The process for sexing a crested gecko can be confusing at first, but it’s straightforward once you know what to look for.
This guide will help owners understand if they have a male or female crested gecko using a variety of methods.
Table of Contents
- Why It’s Important To Know If Your Crested Gecko Is A Male Or Female
- How To Sex A Crested Gecko
- The Problem With Using Cloacal Spurs To Sex Crested Geckos
- General Similarities & Differences Between Crested Gecko Genders
- Male vs. Female Crested Geckos: Are There Ever Behavioral Differences?
- The Correct Way To Handle A Crested Gecko When Determining Its Gender
- Is It Possible To Impact The Likelihood Of Your Crested Gecko Being A Male Or Female?
Why It’s Important To Know If Your Crested Gecko Is A Male Or Female
There are many reasons why you’d want to know whether your crested gecko is male or female. For most reptile owners, sexing is a matter of curiosity. You want to know what gender you’re dealing with so you can provide a proper name!
But there are plenty of care-related reasons to know as well.
Male and female crested geckos don’t always cohabitate in peace. So, when you want to keep multiple geckos, knowing their sex is important.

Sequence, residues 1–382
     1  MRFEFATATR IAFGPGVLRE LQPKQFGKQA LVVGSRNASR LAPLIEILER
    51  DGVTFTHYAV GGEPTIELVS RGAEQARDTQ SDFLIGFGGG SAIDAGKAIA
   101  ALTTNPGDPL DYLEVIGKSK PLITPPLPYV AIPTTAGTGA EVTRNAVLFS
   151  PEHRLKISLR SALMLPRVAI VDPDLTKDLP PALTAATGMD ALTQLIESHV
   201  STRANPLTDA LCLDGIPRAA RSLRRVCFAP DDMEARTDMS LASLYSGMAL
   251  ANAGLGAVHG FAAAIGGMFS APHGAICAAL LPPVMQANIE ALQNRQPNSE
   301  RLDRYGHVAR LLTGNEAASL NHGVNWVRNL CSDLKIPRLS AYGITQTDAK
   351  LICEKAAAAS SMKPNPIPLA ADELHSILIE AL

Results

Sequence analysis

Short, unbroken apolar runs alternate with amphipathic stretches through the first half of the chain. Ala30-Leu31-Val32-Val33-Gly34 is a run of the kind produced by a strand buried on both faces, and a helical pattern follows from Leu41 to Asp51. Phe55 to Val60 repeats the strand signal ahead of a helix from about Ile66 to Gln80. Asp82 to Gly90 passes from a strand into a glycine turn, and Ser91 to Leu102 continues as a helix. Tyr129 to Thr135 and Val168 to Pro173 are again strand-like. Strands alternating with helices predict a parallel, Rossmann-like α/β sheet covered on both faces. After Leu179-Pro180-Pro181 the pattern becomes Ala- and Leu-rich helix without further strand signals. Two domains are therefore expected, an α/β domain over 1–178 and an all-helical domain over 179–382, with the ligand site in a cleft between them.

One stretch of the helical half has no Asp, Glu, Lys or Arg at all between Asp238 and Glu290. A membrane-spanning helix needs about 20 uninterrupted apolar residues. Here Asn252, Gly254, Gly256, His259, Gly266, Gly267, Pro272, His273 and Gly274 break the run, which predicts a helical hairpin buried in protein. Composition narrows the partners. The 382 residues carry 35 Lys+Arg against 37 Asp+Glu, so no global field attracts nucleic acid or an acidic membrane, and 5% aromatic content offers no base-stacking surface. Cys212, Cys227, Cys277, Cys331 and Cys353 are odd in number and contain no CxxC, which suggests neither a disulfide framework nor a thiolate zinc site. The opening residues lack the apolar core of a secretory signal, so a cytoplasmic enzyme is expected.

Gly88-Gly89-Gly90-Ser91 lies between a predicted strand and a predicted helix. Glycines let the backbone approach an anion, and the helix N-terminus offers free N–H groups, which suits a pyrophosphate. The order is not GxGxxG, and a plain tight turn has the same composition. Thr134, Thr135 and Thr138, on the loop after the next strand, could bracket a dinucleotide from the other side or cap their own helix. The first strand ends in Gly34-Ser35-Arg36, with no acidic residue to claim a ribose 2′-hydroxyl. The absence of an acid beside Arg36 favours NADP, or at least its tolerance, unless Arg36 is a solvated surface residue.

Male crested geckos are notoriously territorial. Females can exhibit many of the same traits, but males are far more likely to cause trouble. They can get aggressive with others, increasing the likelihood of in-fighting and injuries.
You should never keep two male crested geckos together in one enclosure. Some reptile enthusiasts manage to house males together, but it requires having a massive terrarium to ensure every lizard has its space. We don’t recommend trying that, especially if you’re relatively new to the hobby. Most experts would agree that housing males together is a no-no unless you have many years of experience.
It’s possible to keep multiple females together. Furthermore, you can keep one male with several females, provided you have a spacious enclosure. Aggression is still possible, but the chances of issues arising are much lower than if you were to force two males to live together.
Another reason you need to know the sex of your crested gecko is to prepare for possible health issues. Males and females have distinct reproductive systems, so their susceptibility to specific ailments differs.
For example, females can lay infertile eggs without ever contacting a male. She can also experience egg-binding, which is a potentially life-threatening issue. Knowing that you have a female crested gecko makes you aware of those risks, ensuring you can provide the proper care if those health problems occur.
How To Sex A Crested Gecko